For nerds wanting to automate their devices, iOS 12 is Christmas. This week’s new version of iOS brings with it significant developments to user automation. There has never been a better time to get to grips with iOS automation. Between the new academic year in the northern hemisphere, and the release of Shortcuts, I figure now is a good time to share some workflows I have built specifically for academic work and study. Among the good news is existing Workflow routines are fully compatible with the new Shortcuts app, so I can start sharing the workflows I have built up.
Academic Shortcuts: EZProxy Library Workflow
This first workflow is as about as basic as automation can get, and yet it is one of the best timesaving tricks I have set up. I use this shortcut every day to access the full pdf versions of articles I find via Google or DuckDuckGo.
Most university libraries have an EZ Proxy server that can be used to reroute a URL through the library. If you come across an article you want to access, instead of tediously searching for it again via your library, you can use this workflow to access it via EZProxy. When you install the workflow, it will ask for the EZProxy address for your university library, so search for first and have it copied to the clipboard before you install the workflow.
Download: EZProxy Workflow
Citation Scanner Workflow: Scan Barcodes for Formatted Citations
I have a much longer post in the works to cover managing citations with Workflow shortcuts, so consider this a preview.
There are a lot of web services and APIs one can find to format citations, but sometimes you need something simple. This shortcut uses a handy little web service called Ottobib that can return formatted citations via URL from ISBN numbers. I have used it to setup my own book scanner. It takes the ISBN from the barcode, queries the Worldcat database, and returns a formatted citation of the book in your choice of style. Consider it a basic version of Citationsy.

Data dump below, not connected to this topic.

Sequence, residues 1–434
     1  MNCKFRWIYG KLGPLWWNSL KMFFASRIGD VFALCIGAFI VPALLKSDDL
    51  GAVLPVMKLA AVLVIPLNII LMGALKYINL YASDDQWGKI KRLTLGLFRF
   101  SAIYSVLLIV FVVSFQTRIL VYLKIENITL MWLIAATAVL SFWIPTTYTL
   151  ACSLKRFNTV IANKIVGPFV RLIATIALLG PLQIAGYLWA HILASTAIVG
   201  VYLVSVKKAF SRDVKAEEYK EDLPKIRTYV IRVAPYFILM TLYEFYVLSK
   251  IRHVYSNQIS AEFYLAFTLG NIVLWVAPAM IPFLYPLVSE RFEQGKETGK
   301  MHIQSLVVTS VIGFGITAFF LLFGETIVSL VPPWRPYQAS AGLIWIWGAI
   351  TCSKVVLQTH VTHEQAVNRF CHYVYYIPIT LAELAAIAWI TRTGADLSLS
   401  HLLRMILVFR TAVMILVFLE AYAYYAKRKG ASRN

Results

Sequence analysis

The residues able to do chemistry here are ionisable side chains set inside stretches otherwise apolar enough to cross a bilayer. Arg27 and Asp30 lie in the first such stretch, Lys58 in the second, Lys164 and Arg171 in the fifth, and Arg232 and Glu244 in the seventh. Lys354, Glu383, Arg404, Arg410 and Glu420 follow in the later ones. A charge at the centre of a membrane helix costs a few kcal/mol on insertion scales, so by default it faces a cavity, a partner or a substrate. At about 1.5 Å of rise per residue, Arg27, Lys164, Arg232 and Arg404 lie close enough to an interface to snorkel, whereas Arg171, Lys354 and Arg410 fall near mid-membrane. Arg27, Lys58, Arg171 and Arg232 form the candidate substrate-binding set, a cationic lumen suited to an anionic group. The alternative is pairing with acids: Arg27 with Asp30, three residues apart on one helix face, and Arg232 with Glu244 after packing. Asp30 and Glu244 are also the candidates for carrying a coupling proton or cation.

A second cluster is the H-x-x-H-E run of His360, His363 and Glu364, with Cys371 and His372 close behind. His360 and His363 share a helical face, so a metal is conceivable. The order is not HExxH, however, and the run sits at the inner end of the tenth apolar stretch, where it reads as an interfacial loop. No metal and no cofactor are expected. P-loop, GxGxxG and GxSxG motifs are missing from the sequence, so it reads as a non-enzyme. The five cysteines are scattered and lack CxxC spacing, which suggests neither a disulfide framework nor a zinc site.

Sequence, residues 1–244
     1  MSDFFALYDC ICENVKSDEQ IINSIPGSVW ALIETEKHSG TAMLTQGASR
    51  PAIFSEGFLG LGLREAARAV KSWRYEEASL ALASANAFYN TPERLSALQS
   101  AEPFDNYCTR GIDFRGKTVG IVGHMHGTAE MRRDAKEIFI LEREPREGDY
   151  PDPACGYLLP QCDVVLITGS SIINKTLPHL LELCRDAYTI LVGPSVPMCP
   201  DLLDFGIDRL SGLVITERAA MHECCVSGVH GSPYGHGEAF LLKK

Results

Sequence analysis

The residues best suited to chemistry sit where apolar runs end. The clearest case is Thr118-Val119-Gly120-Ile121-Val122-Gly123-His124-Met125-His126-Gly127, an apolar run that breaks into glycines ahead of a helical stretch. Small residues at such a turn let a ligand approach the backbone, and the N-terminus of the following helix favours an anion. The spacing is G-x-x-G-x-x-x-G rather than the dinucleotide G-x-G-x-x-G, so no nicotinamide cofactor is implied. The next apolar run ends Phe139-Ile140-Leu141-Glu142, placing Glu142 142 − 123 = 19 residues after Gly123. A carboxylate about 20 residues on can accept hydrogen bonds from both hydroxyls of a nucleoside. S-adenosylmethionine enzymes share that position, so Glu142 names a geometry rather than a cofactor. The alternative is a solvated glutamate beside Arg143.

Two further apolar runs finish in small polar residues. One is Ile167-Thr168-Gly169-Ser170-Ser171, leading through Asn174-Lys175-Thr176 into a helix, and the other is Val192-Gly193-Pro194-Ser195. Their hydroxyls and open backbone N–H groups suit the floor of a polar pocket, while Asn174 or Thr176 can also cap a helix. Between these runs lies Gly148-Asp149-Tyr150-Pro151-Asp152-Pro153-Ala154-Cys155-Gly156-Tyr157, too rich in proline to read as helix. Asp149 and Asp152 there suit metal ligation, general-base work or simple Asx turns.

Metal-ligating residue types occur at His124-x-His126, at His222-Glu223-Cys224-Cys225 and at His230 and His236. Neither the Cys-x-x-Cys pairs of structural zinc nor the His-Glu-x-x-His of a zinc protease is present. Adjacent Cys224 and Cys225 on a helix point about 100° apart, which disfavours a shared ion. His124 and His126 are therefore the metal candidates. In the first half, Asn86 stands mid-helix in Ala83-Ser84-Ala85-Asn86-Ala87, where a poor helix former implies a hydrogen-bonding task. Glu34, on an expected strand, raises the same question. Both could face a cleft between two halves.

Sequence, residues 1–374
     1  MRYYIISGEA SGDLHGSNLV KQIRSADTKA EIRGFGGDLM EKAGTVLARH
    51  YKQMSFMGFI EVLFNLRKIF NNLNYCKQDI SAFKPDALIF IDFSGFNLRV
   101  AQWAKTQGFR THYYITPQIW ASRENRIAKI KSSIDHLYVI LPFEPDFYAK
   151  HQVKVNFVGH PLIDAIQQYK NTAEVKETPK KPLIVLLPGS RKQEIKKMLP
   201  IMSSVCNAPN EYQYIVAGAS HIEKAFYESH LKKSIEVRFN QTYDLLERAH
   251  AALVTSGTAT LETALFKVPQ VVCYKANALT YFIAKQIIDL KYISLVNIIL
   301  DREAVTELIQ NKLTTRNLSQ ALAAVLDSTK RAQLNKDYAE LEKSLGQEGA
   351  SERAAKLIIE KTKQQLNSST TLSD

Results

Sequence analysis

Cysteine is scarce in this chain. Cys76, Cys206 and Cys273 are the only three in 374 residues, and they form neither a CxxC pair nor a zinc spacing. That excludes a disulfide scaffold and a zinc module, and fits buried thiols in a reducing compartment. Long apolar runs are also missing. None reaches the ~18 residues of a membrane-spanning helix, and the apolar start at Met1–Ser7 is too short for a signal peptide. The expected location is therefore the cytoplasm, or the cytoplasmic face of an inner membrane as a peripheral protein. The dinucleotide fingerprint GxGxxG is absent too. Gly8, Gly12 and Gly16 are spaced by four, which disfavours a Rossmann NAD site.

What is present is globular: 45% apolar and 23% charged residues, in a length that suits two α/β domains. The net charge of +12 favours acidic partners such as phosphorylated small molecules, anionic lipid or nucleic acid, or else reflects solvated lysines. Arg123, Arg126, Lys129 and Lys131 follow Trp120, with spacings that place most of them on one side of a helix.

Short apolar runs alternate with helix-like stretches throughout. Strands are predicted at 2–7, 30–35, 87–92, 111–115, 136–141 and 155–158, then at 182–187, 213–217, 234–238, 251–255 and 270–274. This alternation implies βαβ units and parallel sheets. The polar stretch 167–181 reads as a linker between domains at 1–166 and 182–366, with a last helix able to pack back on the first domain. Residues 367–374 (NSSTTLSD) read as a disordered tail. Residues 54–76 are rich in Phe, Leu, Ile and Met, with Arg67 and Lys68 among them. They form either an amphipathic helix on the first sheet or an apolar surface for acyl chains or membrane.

Download: Citation Scanner Workflow
Docverter Workflow: Convert Documents on iOS with Pandoc
For academic users, the real value in using Pandoc is in the wonderful citeproc filter that formats referencing. Unfortunately, Docverter doesn’t include that part of Pandoc. What it can do, however, is a fine job of converting markdown, or HTML documents into other file formats. 1
I recently highlighted the dual document feature of Notebooks, along with that app’s support for multiple file formats. One thing Notebooks can’t do is create docx files for Microsoft Word. As much as I would like to avoid Word altogether, that remains wishful thinking in academia. Not only can this workflow help with that problem, it will save you from trying one of those janky conversion apps on the app store. It is also worth mentioning the other wonderful text editors this opens up. Drafts 5 is the first that comes to mind.
Download: Docverter Workflow
If you find these workflows, or shortcuts — whatever we are calling them now — useful, keep an eye out for more posts on iOS automation.
- It can handle LaTeX, and a couple other formats too. I suspect if you’re using those formats you will have no trouble adapting the workflow to your needs ↩